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Patellar luxation

Article written and translated by Coline Borel, unauthorized copying without permission of the author


The kneecap or "patella" is a small bone located forward to the stifle joint in animals (or to the knee in Humans). It is connected to ligaments and tendons which assure its vertical motion during the stifle flexion and extension. Patella luxates when it leaves the limb's axis (i.e. the trochlear sulcus), laterally or medially during a movement. In the cat, luxating patella is generally medial and uni or bilateral.



Unlike dogs, patellar luxation is poorly documented and poorly known in cats. But this disorder seems to be more frequent in Devon Rex cats than in other breed cats.



Today, it is unknown if a genetic incidence exists in this affection, but it's widely suspected. Thus, preventing programs are inexistent for the moment.


Clinical features:

The disease is congenital: the animals born with the disorder which can be detected on kittens and young cats.
Patellar luxation is almost always associated with a poor conformation of the quadriceps muscle and of the extremities of tibia and femur, which are closely related.
Clinically, the cat doesn't lame in the majority of the cases. Rarely, it can have an intermittent weight-bearing lameness when the patella luxates beyond the trochlear ridge (the limb is kept flexed for only one or two step(s)).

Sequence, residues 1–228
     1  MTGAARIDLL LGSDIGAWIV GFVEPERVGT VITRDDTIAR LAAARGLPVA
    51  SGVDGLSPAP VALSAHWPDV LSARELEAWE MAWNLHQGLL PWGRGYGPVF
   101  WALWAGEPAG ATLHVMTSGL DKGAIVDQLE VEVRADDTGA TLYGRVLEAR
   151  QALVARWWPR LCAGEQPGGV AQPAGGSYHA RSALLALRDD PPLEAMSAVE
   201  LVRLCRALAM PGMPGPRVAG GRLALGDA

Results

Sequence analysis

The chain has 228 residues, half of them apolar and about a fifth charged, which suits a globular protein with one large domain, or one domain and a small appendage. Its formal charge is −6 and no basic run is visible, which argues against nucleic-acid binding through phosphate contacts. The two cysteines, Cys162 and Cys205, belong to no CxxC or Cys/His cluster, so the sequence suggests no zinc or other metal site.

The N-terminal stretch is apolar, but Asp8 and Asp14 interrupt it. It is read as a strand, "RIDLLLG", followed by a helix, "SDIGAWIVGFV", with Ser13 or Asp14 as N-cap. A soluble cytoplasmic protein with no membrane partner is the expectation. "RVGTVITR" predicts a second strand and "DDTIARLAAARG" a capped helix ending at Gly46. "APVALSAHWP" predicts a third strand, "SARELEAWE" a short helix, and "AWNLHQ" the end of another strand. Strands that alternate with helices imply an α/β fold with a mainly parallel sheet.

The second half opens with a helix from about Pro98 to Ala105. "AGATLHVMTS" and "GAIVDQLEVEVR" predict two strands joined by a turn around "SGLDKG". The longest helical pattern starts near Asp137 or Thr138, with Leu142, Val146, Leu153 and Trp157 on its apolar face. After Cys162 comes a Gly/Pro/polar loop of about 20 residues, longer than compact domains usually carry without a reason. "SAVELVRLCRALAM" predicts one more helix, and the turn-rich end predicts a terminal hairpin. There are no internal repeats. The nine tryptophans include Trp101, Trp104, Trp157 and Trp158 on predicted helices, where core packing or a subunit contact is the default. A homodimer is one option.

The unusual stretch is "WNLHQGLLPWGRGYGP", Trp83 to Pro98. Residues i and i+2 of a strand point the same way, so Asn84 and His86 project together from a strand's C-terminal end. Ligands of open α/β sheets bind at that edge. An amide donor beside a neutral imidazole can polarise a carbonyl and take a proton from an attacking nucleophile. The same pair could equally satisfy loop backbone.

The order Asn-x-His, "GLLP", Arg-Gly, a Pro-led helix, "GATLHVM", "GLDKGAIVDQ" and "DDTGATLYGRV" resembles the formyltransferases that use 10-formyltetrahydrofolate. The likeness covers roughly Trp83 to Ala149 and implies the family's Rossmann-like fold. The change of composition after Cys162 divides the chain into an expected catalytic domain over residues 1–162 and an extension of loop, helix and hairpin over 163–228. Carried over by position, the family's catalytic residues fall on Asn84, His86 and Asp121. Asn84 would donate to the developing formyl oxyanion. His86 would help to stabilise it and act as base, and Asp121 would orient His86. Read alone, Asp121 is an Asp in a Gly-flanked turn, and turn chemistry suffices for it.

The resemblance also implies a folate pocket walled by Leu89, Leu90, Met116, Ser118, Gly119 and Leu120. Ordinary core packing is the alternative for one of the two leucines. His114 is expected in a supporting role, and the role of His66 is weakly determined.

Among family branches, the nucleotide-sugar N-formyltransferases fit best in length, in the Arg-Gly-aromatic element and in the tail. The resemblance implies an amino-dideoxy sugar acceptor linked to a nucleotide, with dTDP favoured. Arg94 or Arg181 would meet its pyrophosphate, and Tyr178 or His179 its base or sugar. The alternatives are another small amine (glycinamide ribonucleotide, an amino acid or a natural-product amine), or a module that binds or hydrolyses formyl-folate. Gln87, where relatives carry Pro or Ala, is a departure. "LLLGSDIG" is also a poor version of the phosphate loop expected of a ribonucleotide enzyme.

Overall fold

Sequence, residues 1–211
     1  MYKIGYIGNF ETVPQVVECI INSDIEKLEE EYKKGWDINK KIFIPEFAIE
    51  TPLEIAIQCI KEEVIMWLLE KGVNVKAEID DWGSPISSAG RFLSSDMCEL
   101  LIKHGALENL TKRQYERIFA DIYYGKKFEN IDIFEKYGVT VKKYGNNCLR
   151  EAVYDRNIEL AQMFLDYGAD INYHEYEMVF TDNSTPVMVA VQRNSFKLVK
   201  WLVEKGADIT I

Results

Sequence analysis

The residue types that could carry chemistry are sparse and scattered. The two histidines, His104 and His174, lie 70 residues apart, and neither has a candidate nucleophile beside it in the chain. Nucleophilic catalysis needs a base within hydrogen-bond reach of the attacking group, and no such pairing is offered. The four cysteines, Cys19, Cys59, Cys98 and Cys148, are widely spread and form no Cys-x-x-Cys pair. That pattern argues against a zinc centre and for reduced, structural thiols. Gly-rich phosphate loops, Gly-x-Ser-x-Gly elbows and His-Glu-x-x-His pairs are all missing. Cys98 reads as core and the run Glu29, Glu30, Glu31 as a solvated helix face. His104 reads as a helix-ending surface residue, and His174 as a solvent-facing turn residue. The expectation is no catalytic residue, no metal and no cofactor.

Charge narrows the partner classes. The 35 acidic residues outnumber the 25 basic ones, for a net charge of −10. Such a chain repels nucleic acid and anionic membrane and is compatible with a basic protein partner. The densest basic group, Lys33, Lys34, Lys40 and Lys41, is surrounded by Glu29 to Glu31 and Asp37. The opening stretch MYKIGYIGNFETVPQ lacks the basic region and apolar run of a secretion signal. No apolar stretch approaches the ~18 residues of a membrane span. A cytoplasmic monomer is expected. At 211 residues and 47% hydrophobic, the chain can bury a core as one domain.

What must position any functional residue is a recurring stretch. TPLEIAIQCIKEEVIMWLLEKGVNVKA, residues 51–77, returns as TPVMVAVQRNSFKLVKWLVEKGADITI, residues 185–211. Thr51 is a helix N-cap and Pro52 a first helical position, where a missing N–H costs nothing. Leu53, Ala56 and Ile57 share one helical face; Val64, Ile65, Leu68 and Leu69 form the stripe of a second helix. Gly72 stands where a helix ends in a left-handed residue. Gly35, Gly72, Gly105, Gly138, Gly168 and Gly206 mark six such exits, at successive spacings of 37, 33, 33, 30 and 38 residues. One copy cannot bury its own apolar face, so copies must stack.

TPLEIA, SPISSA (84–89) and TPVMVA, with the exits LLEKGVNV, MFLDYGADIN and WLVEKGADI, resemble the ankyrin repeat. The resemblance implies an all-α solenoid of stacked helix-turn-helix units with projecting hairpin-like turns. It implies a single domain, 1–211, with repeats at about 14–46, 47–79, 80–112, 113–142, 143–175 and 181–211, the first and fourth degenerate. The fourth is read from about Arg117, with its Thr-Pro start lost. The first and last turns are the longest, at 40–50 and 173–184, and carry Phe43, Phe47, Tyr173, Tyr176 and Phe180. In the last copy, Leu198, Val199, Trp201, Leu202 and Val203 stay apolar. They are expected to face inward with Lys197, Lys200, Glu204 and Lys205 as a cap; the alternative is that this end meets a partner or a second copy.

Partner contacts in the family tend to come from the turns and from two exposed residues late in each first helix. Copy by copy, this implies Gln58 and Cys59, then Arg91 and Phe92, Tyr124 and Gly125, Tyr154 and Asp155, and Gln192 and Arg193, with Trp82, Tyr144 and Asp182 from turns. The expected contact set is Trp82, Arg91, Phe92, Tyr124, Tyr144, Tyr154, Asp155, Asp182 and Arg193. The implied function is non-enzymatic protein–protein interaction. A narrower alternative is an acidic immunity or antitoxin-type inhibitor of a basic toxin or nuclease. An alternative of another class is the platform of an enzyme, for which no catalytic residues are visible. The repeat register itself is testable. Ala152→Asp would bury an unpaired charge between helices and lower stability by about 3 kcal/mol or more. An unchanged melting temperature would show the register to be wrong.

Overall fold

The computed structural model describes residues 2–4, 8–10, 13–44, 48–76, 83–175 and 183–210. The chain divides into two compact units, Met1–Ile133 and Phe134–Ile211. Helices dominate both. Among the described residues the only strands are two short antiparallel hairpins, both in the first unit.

The veterinary practitioner often make the diagnosis as an incidental finding on physical examination: he is able to luxate voluntarily the patella. Various grades exists (I to IV) depending on the severity of the disorder. Most of the cases are grade I (the patella can be luxated, but it spontaneously reduces when pressure is released. Flexion and extension of the joint are normal. Spontaneous luxation during normal joint motion rarely occurs).
Over the years, joint lesions develop and lead to degenerative arthritis of the stifle joint, which eventually causes lameness and pain in older animals.



Either conservative or surgical treatment is possible. But surgical treatment must be undertaken only on grade II and more. Secondary degenerative arthropathy is controlled with anti-inflammatory, specific diet, and in severe case, with intraarticular injection or surgery. Prognosis is generally good for grade I to III, and guarded for grade IV.



The veterinarian should systematically test patellar luxation on kittens during the physical examination of vaccinations. The precautionary principle should be to prevent reproduction of the affected cats.


Source: Luxating patellae in Devon rex cats, Prior JE, vet record (1985), aug 17, 154-155.